Recently Tom blogged about the prospect of the National Trust’s massive investment into digital technologies, including the web. Electric Acorns is a great new blog started by a an NT employee and devoted to peeling back some of the layers of the great institution in an effort to allow the public and fellow professionals a better insight into all the work the Trust does (see his comment below).
Institutions involved with promoting, undertaking or advising on the conservation of historic environments and artefacts are not great at communicating their work. I often wonder, if they were, whether the tensions between access and preservation could be better ‘managed’ (to use a phrase en vogue) but at the very least, better understood by the wider public, and whether funders and politicians would regard conservation as being a cultural activity of the highest value to society and therefore less willing to withdraw or withold support (see my post on the Textile Conservation Centre’s closure).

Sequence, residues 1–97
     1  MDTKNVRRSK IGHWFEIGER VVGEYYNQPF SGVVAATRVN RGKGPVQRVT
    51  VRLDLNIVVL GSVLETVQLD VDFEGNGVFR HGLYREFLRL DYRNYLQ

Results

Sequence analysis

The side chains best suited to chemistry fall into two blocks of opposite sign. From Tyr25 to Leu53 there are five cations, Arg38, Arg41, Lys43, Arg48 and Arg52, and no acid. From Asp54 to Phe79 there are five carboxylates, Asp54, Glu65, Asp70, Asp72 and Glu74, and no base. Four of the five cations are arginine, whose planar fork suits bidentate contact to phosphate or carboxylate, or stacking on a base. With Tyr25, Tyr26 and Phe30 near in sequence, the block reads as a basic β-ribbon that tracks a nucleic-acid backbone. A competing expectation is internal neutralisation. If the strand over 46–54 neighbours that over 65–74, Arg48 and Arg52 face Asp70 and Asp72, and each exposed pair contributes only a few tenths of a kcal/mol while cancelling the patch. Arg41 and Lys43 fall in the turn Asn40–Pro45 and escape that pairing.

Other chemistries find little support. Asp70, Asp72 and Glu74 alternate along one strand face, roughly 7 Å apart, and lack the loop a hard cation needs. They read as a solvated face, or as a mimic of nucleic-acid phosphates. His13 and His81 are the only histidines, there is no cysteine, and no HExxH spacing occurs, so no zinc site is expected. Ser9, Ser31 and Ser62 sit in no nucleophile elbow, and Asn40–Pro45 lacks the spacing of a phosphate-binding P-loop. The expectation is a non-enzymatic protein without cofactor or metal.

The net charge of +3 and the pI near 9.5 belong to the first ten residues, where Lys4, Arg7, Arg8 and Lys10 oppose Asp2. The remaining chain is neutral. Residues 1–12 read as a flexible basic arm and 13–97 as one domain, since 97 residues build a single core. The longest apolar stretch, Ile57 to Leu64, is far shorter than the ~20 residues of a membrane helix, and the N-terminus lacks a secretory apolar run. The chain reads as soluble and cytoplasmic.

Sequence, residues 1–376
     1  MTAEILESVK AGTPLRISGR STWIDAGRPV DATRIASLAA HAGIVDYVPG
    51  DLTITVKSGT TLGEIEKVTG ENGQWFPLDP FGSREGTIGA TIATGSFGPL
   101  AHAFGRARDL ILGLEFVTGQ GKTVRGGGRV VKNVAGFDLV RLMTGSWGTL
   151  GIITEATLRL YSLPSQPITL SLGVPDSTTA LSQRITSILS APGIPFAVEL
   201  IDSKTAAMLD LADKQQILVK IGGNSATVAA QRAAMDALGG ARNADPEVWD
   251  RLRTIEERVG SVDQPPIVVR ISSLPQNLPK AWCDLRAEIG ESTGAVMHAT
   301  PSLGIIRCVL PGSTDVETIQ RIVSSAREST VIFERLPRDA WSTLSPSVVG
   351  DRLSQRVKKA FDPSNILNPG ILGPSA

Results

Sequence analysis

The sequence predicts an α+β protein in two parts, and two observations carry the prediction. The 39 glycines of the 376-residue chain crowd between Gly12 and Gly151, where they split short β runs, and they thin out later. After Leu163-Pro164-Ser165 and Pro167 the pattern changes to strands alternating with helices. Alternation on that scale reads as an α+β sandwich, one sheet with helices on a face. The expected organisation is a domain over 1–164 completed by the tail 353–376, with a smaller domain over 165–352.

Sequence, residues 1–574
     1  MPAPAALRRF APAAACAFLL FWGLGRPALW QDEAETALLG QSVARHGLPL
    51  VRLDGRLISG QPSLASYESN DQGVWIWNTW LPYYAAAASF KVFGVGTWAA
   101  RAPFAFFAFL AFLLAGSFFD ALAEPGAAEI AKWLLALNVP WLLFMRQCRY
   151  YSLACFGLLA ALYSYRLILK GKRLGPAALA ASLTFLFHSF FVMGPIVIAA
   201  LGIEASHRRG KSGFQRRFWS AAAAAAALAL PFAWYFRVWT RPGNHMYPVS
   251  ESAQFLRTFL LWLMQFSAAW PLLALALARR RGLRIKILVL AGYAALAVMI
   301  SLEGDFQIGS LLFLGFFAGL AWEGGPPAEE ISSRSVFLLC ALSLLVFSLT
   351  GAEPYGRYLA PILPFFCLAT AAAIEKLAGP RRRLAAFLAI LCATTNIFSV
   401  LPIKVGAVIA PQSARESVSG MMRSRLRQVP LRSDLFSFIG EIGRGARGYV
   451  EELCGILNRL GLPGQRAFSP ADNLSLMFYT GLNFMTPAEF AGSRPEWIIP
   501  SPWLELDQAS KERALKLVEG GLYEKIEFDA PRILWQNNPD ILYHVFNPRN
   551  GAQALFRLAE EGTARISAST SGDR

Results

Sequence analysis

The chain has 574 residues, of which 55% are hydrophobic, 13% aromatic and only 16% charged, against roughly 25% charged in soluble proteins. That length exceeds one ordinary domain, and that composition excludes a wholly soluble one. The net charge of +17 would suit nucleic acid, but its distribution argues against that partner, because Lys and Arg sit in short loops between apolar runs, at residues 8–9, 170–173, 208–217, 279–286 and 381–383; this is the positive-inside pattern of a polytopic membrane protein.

Interest in history, the past and the environment has never been more keen than it is now. Neither has it been more easy to have your say in front of a global audience with the internet revolution. Why aren’t more institutions involved with conservation adopting open and honest communication with the public through the web in the form of blogs, web forums, podcasts and more? Matthew of Electric Acorns is taking a step forward for his organisation (I do hope they appreciate it). What is everyone else doing? Here’s a short survey.